The longest will they-won’t they in recent memory in the Indian startup ecosystem has ended, and two of the biggest startups in the country won’t be joining forces.
Snapdeal has announced that that it won’t be getting acquired by Flipkart. “We will be continuing the Snapdeal journey as an independent company,” said the Snapdeal founders in an email to their employees. “Over the last few months, our company has been engaged in strategic discussions with other players. A lot of time and effort has gone into the process from all participants in this exhausting process. The process has led to intense speculations and uncertainty for our team, partners and shareholders. And now it is time to finally put an end to this saga,” they said.
Snapdeal and Flipkart had been engaged in merger talks over the last few months, largely orchestrated by Snapdeal’s biggest investor, Softbank. Snapdeal had been struggling in a three-way battle for the top spot in the Indian e-commerce stakes, and was rapidly falling behind the top two players. Softbank had been keen to find an exit for its investment, even at a heavy loss — Snapdeal had raised nearly $2 billion dollars over the last seven years, but Softbank wanted to sell it off for as little as $800 million.
There had been much opposition to this deal. Snapdeal founders Kunal Bahl and Rohit Bansal had earlier told employees that the decision on Snapdeal’s sale was largely out of their hands — the two founders together own a just 6% of Snapdeal. Other investors, such as Kalaari Capital and Nexus Venture Partners had also bitterly fought Softbank for better terms on the deal. Eventually, even smaller investors, such as Azim Premji’s investment arm, had also expressed their reservations.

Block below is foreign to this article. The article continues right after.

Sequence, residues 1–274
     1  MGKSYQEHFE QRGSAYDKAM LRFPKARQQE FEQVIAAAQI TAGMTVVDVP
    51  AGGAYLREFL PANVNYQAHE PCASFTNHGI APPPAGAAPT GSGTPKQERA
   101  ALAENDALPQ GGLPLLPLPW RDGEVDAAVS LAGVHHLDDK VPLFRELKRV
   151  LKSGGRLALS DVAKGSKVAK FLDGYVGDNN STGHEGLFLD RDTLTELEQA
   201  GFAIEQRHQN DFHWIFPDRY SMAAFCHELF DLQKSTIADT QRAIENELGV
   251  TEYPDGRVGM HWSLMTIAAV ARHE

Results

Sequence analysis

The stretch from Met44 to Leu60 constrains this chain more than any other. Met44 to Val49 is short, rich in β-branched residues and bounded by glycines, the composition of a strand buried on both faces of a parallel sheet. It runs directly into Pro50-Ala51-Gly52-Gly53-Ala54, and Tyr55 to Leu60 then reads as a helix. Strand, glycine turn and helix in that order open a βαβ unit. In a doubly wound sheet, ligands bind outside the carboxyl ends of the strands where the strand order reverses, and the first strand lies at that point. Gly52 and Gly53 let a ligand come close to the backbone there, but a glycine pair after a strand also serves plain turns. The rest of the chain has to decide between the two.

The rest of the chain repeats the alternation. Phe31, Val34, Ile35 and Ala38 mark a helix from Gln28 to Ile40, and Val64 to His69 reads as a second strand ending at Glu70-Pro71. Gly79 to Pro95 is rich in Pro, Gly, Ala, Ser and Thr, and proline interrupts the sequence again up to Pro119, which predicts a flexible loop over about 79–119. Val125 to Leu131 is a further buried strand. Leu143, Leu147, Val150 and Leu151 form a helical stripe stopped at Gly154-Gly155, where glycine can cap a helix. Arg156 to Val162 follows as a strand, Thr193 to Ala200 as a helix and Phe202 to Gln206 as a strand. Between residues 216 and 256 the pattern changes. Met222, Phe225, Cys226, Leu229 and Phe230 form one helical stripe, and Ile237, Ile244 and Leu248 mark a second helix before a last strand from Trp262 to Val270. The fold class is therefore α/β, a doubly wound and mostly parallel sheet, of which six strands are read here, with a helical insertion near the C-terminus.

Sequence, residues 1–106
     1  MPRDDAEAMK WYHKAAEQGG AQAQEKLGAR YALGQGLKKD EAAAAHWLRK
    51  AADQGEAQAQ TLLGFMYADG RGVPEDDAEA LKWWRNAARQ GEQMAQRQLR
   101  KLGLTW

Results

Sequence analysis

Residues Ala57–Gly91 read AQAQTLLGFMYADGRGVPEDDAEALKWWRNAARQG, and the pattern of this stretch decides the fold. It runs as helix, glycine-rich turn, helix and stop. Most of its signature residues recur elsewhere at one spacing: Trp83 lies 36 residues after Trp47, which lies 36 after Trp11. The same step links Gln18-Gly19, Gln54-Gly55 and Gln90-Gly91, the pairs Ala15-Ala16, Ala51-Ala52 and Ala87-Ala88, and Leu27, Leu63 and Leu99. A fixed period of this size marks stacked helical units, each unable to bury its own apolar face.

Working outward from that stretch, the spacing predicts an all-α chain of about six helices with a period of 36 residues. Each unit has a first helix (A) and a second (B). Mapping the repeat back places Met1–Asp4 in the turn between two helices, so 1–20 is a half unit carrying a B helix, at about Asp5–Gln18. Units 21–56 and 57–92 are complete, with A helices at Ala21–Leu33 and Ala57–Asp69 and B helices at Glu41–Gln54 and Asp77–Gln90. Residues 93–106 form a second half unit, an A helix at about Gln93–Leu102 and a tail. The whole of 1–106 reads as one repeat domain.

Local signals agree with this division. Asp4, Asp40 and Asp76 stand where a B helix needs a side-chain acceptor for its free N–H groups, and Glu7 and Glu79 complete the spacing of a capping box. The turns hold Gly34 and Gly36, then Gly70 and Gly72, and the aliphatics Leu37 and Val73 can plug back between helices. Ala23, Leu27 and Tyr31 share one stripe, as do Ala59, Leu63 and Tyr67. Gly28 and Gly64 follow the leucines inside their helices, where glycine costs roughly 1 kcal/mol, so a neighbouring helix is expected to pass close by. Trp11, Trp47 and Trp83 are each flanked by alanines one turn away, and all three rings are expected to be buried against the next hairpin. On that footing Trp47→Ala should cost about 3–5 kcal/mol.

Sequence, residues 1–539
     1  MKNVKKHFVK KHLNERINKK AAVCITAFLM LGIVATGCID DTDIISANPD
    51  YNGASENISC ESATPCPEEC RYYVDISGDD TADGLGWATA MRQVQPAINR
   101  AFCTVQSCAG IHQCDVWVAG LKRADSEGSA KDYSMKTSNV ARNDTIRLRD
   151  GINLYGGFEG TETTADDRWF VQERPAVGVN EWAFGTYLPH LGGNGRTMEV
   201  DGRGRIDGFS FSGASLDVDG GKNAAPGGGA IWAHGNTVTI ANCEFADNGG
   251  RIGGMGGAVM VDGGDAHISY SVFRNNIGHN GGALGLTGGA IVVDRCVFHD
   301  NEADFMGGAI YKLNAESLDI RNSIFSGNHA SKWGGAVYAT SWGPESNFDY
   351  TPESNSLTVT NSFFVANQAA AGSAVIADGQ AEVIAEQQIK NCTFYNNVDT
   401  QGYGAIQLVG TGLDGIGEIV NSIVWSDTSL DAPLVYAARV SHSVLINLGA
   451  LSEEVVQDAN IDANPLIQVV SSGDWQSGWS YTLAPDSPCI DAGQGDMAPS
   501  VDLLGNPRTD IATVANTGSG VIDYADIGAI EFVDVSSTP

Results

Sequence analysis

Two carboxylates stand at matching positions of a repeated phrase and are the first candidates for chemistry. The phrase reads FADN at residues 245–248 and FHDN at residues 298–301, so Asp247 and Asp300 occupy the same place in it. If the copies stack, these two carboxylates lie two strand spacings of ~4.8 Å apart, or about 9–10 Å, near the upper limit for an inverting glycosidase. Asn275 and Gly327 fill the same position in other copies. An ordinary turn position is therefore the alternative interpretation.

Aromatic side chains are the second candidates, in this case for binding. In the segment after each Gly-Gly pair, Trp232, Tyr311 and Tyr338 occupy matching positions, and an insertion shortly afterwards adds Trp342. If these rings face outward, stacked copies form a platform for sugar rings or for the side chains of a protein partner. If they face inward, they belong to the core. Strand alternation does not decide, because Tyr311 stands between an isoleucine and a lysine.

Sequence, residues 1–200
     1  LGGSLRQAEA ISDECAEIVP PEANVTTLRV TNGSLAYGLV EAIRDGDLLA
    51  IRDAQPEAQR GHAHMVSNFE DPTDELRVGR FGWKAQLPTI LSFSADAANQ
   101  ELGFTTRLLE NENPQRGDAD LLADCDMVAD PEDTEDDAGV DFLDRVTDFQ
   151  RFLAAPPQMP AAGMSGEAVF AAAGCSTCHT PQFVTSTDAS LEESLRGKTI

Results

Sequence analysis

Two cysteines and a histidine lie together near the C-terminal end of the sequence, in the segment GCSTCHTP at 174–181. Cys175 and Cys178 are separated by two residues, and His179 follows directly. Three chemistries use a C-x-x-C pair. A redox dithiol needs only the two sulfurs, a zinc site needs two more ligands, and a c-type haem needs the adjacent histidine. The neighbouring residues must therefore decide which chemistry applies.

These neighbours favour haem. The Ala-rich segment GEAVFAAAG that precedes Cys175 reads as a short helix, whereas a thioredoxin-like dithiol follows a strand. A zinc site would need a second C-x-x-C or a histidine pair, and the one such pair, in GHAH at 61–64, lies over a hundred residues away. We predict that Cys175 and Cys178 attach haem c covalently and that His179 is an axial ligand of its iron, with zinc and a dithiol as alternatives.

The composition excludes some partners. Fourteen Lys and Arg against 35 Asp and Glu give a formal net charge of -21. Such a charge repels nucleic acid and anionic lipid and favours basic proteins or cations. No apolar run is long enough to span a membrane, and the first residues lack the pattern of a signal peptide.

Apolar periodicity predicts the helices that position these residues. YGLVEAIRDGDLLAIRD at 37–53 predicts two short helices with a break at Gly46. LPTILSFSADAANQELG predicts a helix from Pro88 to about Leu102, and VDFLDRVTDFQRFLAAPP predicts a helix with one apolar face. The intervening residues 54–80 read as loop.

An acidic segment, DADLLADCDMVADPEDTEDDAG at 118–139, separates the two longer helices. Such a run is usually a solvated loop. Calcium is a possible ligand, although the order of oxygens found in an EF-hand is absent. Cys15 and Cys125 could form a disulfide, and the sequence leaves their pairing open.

But what appears to have finally nixed the months-long negotiations appears to be Snapdeal’s sale of FreeCharge to Axis Bank for $60 million (Rs. 385 crore). The deal had culminated just days ago, and Kunal Bahl had called it a “great outcome” for Snapdeal, even though it had come at a price — Snapdeal had purchased FreeCharge for $400 million just two years ago, and ended up selling it at an 85% discount.
But the FreeCharge appears to have given the company breathing room as it tries to negotiate India’s crowded e-commerce space. Softbank, too, appears to have aceeded to its wishes. “Supporting entrepreneurs and their vision and aspirations is at the heart of Masayoshi Son’s and SoftBank’s investment philosophy. As such, we respect the decision to pursue an independent strategy,” said a Softbank spokesperson in a statement. “We look forward to the results of the Snapdeal 2.0 strategy, and to remaining invested in the vibrant Indian e-commerce space.”
Snapdeal’s future, though, remains far from certain. The company now plans to create something it calls Snapdeal 2.0, which it says will have “laser focus on being a champion for all sellers in India, enabling anyone to setup a store online in a few minutes and focusing on providing large selection of products at great prices to consumers.” It also says that it’ll make Rs. 150 crore of gross profit in the next 12 months. That’s a claim Snapdeal has been making for several years, with little to show for it — India’s e-commerce space is brutally competitive at the moment, and it’s unlikely that the bigger players will let Snapdeal eke out profits.
Time will tell how Snapdeal’s strategic move will play out, but for now, Snapdeal’s journey is still on, and it’s going solo.